German choreographer Sasha Waltz is not yet well-known in the UK, despite a catalogue of award-winning works created on the continent since 1993. This weekend saw the British premiere of her 2010 performance work Continu, itself developed for the theatre from two earlier site-specific works created for the Neues Museum in Berlin and Rome’s MAXXI Museum of Modern Arts.
That Continu was initially created with both visual art and architecture in mind is immediately visible from Waltz’s careful spatial structuring. The piece owes much to the visual language of Bauschian Tanztheater — mass choral movement, sequences based largely on gestures, arms twining and feet treading in unison. Dancers are dressed in dark costumes and dark metallic plates box them in on three sides; the atmosphere is industrial, institutional, cell-like.
Opening with a furious burst of percussion, played live onstage by Robyn Schulkowsky, Continu then settles into its central portion, an ensemble for 24 bodies danced to the music of Edgar Varèse. There’s more than a hint of Stravinsky’s Rite of Spring to Varèse’s music, with its onerous string stabs and thumping timpani; and there’s more than a suggestion of ritual to Waltz’s choreography. Dancers run in circles, an anonymous mass of primal bodies; they break into duets which instantly dissolve, searching for some connection which never materialises. Bodies huddle together, pacing out tribal rhythms on the stage floor; occasionally a dancer will break loose for a yearning solo at the front of the group, before being absorbed back into the mass. Sudanese dancer Justin Billy’s solo is fantastically frenetic; Niannian Zhou’s is more lyrical and otherworldly, performed with beautiful unwinding arms and blossoming fingers.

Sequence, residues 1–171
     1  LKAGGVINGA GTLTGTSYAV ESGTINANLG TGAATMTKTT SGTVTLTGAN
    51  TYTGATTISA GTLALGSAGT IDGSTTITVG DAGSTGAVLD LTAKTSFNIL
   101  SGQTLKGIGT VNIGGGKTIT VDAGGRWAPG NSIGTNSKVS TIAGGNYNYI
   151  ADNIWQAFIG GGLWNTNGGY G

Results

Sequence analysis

The second half is lighter and brighter — now in white, and dancing to the happier strains of Mozart’s Oboe Quartet, the performers pair up for buoyant lifts. If the narrativeless Continu is about anything, it is about the eternal forces — positive and negative, real and imagined — that push us onwards, upwards and sometimes downwards. Really, however, it’s about those striking visual images and arrangements in space, the use of the body as a kind of architectural tool as much as a social being.
Continu is clearly realised and exuberantly performed by its 24-strong international company; its best moments, both lovely and provocative, linger long in the mind. It is, however, a difficult piece to engage with in some ways — on the one hand, formally abstract and often academic in structure, it lacks the humanity of Pina Bausch; on the other hand, often messy in the unison it lacks the breathtaking formal precision of Anne Teresa De Keersmaeker. We love the ambition of an evening-length work for a huge body of performers, but we couldn’t completely love the performance.
www.sashawaltz.de”>Sasha Waltz and Guests, Continu, Sadler’s Wells, 28-30 September